For example, when we replace “isolation” (that has a negative perception) with “protection,” we begin to feel differently. It’s not that we are isolated from other people; we stay home to protect ourselves and others. Become more aware of your words, and reframe the negative ones into positive words.
3. Control What you Can
“It sounds simple, but I make a list of the things I can control and let go of the rest,” said Sean Davis, a marriage and family therapist and psychology professor at Alliant International University.
You need to identify what you can control, then take action. For example, you can have meaningful conversations with family and friends; you can apply for jobs as they become available; you can maintain a healthy routine that benefits your mental health. Practicing control will help ground you when you feel your anxiety level rising.
On a related note, Jerry Lynn Petty Jr., a licensed professional counselor in Denton, Texas, has found that consistency is key when everything in the world feels uncertain. And a great way to do this is to stick to a routine. Even if it’s a super basic one.
“I go to sleep at approximately the same time, wake up the same time, eat at the same times,” he said. “Keeping routines instills a sense of normalcy during very abnormal times.”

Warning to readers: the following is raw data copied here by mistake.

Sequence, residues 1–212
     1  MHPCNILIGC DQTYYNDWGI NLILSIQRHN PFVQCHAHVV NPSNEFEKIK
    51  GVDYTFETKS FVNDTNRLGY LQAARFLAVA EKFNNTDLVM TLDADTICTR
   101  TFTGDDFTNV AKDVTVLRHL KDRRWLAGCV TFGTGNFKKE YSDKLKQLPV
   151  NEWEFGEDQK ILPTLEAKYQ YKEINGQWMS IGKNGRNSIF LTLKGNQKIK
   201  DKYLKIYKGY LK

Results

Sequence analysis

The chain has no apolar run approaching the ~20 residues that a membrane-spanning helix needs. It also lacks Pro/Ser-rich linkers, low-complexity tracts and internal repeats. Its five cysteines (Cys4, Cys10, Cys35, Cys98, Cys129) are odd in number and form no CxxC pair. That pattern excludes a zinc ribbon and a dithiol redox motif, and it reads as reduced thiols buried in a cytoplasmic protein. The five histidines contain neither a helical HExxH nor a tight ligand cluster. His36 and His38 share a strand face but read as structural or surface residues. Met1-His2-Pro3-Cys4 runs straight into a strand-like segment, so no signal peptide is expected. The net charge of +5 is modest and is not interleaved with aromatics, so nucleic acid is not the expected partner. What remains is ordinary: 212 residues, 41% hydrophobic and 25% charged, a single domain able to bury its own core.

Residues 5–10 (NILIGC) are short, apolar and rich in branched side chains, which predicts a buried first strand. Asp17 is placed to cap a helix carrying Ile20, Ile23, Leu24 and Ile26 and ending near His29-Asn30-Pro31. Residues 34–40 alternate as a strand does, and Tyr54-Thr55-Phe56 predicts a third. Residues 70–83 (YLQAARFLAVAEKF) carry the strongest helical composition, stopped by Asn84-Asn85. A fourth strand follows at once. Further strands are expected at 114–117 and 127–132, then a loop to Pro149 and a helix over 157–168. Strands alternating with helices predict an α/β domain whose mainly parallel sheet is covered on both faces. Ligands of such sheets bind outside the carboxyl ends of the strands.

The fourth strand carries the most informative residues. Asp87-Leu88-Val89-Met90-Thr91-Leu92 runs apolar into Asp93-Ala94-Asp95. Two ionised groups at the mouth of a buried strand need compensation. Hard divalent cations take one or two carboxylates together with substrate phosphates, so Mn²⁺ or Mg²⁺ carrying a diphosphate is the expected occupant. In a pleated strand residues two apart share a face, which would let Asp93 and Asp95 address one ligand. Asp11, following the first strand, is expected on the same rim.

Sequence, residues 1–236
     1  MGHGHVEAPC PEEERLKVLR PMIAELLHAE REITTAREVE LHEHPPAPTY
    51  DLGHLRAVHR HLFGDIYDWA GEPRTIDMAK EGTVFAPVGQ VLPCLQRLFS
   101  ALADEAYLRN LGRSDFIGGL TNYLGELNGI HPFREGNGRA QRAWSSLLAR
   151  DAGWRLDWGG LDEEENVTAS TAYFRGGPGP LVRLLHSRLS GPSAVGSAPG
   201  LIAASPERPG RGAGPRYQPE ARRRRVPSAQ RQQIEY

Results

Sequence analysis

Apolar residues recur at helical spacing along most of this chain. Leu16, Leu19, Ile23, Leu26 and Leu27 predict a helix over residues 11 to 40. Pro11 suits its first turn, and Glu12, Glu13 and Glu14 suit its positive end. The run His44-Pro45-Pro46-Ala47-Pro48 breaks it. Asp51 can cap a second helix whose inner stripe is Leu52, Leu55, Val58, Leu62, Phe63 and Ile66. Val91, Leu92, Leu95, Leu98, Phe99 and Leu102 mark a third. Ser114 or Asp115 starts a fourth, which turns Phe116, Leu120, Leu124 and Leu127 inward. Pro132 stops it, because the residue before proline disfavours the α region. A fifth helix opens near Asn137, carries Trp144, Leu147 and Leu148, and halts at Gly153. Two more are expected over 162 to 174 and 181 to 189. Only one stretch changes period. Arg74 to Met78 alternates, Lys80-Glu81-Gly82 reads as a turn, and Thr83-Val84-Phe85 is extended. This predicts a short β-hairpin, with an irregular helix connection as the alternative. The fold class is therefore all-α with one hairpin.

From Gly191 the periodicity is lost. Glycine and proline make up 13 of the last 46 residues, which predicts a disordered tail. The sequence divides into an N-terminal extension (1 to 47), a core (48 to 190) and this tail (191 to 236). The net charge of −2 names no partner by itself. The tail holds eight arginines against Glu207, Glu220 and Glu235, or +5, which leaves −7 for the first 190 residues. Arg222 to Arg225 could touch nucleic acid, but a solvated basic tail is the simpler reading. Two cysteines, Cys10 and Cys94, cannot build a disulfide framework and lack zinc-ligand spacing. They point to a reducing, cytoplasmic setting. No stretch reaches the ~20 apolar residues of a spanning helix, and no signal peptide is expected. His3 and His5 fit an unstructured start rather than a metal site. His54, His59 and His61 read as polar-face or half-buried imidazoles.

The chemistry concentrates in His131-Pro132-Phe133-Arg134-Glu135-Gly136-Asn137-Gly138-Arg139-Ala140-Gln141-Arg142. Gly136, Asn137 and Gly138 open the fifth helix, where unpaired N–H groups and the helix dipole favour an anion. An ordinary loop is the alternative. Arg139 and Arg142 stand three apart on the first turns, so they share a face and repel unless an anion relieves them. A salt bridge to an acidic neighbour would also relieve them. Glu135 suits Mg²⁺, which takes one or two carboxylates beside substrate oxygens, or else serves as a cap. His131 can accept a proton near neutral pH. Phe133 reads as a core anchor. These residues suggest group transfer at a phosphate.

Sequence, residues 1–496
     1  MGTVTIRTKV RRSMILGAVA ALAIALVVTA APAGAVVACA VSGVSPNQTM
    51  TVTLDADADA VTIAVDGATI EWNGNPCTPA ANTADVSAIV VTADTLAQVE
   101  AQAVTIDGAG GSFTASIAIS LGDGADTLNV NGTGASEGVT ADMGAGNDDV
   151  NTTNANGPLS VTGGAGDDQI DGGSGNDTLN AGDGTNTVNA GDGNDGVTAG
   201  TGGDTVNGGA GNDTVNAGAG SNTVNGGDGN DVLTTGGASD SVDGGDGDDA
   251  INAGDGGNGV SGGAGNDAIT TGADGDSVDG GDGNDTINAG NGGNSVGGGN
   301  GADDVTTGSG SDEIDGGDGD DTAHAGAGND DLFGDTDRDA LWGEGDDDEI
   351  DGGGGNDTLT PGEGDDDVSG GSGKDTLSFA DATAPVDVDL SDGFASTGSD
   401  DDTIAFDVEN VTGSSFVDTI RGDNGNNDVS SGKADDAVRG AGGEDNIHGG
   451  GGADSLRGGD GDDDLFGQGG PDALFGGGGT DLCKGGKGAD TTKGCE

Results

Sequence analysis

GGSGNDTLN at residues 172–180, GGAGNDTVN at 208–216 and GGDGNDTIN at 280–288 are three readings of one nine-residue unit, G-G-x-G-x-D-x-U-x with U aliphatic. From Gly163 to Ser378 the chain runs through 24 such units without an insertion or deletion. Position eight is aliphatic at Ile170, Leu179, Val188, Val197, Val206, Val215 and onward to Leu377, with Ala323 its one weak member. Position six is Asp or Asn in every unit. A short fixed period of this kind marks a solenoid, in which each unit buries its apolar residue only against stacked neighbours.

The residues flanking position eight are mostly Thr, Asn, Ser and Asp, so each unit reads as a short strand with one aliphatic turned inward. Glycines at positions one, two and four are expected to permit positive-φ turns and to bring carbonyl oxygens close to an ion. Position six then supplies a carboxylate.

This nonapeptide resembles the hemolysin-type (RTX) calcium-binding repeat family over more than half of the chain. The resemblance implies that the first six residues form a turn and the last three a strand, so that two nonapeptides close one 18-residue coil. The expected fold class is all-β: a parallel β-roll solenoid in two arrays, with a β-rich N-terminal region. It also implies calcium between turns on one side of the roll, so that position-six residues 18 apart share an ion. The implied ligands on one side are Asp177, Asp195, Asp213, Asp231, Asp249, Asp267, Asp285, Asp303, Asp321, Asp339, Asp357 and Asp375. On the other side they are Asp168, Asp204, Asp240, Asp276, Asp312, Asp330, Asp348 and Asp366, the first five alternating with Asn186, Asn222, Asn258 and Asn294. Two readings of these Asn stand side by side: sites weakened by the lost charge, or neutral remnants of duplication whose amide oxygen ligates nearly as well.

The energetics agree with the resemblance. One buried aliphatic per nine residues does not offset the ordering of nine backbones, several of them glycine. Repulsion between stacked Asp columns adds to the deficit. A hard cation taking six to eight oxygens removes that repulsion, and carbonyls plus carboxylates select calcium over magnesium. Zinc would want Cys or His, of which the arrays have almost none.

Kathryn Grace Zambetti, a psychotherapist and executive coach at Grace Consulting, said gratitude for what you have right now allows the brain to release thoughts tied to the future. It’s important to do this regularly, even when you aren’t in a time of crisis.
Reflect on three or four things you’re grateful for — the more specific, the better. You can acknowledge them quietly to yourself, she said, but advised that “a daily gratitude practice is also much more effective when it is said out loud or written down on paper.”
It’s remarkable how gratitude can transform anxiety. “Finding the silver lining in a new reality is super important,” Amelia Aldao, Ph.D., a clinical psychologist in New York City and the founder of Together CBT, a clinic specializing in group therapy for anxiety, OCD, stress, and depression says.
Meghan Renzi, LCSW-C, RYT-200, is a psychotherapist based out of Bethesda, Maryland, who is an expert in using mindfulness-based practices and CBT (cognitive behavioral therapy) to help teens and families who are struggling with anxiety and other mental health concerns. She advocates mindfulness meditation, to reduce anxiety. Some other techniques include:
- Swimming or Floating in the Water: Swimming uses the entire body without putting pressure on the joints.
- Meditative Walking (Core Walking): The breath, body, and mind are all connected.
- Drinking a Cup of Tea
- Hiking or Connecting with Nature
- Gazing Meditation
- Guided Meditation
- Breathing Techniques